Philip@borehamh.demon.co.uk
0
Philip
5/21/2010 12:35:43 PM
On 21 May, Philip Draper wrote in message
    <24aee21a51.Philip@borehamh.demon.co.uk>:

> In message <511ad4a74anews@highpath.net>
>           Chris Bell <news@highpath.net> wrote:
> 
> > The WOCC instructions

WROCC?

> > make the RISC OS end easy, but my Win XP computer
> > still won't display my RO files.  And being an XP novice, I can't work
> > out what to do.
> 
> I'm no XP expert, and had to use the Microsoft help site to work out what
> Windows Explorer was. It turns out to be the window you get by clicking on
> the Network icon on the desktop.

True, but it would be easier to say that it's the "Filer window" on Windows.
 "Start->My Computer" will get you there much more quickly on a standard XP
system.

> Inside you should find an icon 'New Network Place'. I clicked on that and
> my RPC appeared.

You can do that, but the instructions (and screenshot) given in the article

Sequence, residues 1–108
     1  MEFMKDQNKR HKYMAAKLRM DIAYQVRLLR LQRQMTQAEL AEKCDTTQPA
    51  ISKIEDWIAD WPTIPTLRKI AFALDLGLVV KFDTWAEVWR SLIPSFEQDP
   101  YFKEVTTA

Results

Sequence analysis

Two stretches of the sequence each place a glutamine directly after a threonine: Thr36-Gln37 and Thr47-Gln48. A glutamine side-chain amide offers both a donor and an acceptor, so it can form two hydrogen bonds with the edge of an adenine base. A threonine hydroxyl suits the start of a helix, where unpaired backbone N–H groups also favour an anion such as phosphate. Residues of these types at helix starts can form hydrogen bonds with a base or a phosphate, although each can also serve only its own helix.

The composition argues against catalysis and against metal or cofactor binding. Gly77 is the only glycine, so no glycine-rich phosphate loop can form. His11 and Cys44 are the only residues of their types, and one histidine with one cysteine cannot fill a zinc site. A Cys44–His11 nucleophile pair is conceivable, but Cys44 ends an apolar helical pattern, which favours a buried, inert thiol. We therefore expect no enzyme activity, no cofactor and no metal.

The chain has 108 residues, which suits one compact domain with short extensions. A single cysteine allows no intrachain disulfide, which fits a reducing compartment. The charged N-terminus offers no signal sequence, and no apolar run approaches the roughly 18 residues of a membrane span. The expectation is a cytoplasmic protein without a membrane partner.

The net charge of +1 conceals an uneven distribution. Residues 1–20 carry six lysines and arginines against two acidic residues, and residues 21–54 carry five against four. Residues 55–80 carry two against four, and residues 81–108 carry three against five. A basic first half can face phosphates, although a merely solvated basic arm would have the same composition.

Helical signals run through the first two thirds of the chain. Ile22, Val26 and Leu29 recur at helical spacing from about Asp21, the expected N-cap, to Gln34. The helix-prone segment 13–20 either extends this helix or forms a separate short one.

in The WROCC also work fine.

-- 
Steve Fryatt - Leeds, England

http://www.stevefryatt.org.uk/
0
Steve
5/21/2010 4:18:56 PM
In message <24aee21a51.Philip@borehamh.demon.co.uk>
          Philip Draper <Philip@borehamh.demon.co.uk> wrote:

> In message <511ad4a74anews@highpath.net>
>           Chris Bell <news@highpath.net> wrote:

>> Philip Draper <Philip@borehamh.demon.co.uk> wrote:

>>> Had always avoided sambaserver as being too complicated, but tried it
>>> last night with the WROC instructions. In scarcely 10 minutes
>>> (including downloading) my Win XP machine could see my RPC files.
>>> It's certainly well worth trying.

>> The WOCC instructions make the RISC OS end easy, but my Win XP computer
>> still won't display my RO files.  And being an XP novice, I can't work
>> out what to do.

> I'm no XP expert, and had to use the Microsoft help site to work out